Greek Orthodox Ecumenical Patriarch Bartholomew leads a group of believers, nuns, and priests into the St. George patriarchal cathedral for the Epiphany day mass in Istanbul January 6, 2007. REUTERS/Fatih Saribas
Islam … tolerated Christians and Jews as constituting religious communities “of the Book”: the Qur’an did not allow forced conversion and ordained protection of these comunities as long as they paid the special Jizya (tax). In 1:256, the Qur’an proscribed religious coercion, and in 28:56 and 109:5,6 it extended God’s mercy to believers in other religions.
In this respect, Ottoman policy was consistent with this theology and followed Islamic Shari’a (law) closely: only in the western Balkans and in Bosnia and Albania did extensive conversion to Islam occur. (…) In 1600, George Manwaring confirmed that “There doth inhabit amongst the Turks many Christians”, a view that was repeated at the end of the century by the physician Ellis Veryard about Christians being “very numerous throughout all Turky”. In Smyrna in the second half of the second century, there were mosques, synagogues, Roman Catholic, Greek Orthodox and Armenian churches, along with protestant chapels – demonstrating a religious tolerance that was unparallelled in the cities of western Christendom. Even today after four hundred years of Ottoman rule of the Middle East, many parts of the former Empire (particularly in the Eastern Mediterranean) have maintained sizeable minorities of Christians.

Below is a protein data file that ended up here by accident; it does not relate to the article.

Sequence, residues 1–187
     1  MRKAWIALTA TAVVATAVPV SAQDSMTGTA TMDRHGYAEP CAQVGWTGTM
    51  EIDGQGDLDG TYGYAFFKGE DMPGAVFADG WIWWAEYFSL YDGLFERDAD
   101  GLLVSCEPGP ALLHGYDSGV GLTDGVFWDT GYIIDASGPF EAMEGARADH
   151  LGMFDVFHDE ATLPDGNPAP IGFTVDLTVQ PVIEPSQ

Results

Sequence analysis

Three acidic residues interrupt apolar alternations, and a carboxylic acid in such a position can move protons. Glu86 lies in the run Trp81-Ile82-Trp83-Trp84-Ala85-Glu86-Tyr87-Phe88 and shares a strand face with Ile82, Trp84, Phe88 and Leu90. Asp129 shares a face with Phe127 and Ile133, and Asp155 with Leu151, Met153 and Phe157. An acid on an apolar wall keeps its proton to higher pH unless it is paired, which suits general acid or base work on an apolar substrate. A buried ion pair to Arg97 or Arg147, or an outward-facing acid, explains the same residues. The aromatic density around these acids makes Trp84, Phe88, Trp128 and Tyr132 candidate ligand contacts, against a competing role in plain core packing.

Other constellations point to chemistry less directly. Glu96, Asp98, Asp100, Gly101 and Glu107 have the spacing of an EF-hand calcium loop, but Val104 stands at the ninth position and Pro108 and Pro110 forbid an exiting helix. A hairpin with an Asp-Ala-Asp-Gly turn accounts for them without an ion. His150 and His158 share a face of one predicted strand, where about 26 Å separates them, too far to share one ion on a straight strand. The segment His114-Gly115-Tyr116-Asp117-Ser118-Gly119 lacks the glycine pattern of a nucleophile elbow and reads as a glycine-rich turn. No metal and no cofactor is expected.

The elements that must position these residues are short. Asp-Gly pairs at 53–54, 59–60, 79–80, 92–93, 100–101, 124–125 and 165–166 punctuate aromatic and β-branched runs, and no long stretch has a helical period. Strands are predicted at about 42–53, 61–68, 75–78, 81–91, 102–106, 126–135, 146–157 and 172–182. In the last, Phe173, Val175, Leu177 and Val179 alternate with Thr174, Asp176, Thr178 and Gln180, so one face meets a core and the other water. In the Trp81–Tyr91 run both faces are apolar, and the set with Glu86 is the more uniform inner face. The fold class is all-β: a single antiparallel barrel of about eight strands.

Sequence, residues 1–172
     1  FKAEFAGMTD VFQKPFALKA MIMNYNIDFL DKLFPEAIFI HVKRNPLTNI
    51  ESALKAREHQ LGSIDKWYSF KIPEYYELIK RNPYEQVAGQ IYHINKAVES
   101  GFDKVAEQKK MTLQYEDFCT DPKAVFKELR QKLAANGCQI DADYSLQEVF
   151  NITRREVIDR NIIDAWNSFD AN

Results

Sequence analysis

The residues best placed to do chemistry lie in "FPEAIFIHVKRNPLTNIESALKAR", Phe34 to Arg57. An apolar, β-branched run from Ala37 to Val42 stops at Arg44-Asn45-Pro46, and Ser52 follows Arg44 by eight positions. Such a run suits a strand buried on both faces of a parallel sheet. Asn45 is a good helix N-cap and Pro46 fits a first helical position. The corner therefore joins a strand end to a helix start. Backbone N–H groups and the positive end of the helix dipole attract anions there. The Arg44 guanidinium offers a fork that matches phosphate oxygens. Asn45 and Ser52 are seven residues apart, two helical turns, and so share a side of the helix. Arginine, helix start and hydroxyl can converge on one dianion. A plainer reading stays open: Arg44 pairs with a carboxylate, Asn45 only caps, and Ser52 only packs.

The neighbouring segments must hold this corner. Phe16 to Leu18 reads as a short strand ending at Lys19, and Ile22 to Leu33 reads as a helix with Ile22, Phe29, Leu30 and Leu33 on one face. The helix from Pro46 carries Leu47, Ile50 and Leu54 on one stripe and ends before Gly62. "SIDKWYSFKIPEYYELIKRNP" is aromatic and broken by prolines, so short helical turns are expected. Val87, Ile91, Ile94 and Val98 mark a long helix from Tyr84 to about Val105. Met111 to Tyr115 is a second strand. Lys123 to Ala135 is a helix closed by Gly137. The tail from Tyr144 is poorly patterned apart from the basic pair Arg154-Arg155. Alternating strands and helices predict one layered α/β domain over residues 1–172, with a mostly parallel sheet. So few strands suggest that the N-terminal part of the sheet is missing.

Renaissance travelers in the Levant confirmed this toleration and reported on the amicable interaction of religious communities and on how Muslims, Jews and Christians shared their festivities with each other. Thomas Coryat observed how often “Spectators were as well Christians as Turkes”, and so did Rycaut who could not but praise Muslim toleration of Christians, including Muslim respect for the Christian clergy. Many accounts by captives in North Africa speak of the respect which priests received from their captors, the permission they were granted to celebrate their religious feasts and the presents they were given to decorate their churches.
In Smyrna, Turks “often dropped in at Christian churches” while others enjoyed listening to children reciting their catechism. At the end of the seventeenth century, the French traveler Jean Dumont, the Sieur du Mont (1667-1727), noted that Muslims venerated certain Christian saints, and that on a few occasions, “Turks and Christians [joined] together in some Rites of Devotion”. At a Law Court which he visited in Egypt, Veryard saw copies of the “Old and New Testament and an Alcoran” that were used “to swear Jews, Christians, and Mahometans, each according to his Religion”.
Nabil Matar, Islam in Britain 1558-1685, Cambridge: Cambridge University Press, 1998; p. 28-29
The tolerance of the Ottoman Empire influenced the development of religious toleration in Europe
Categories: Muslim Heritage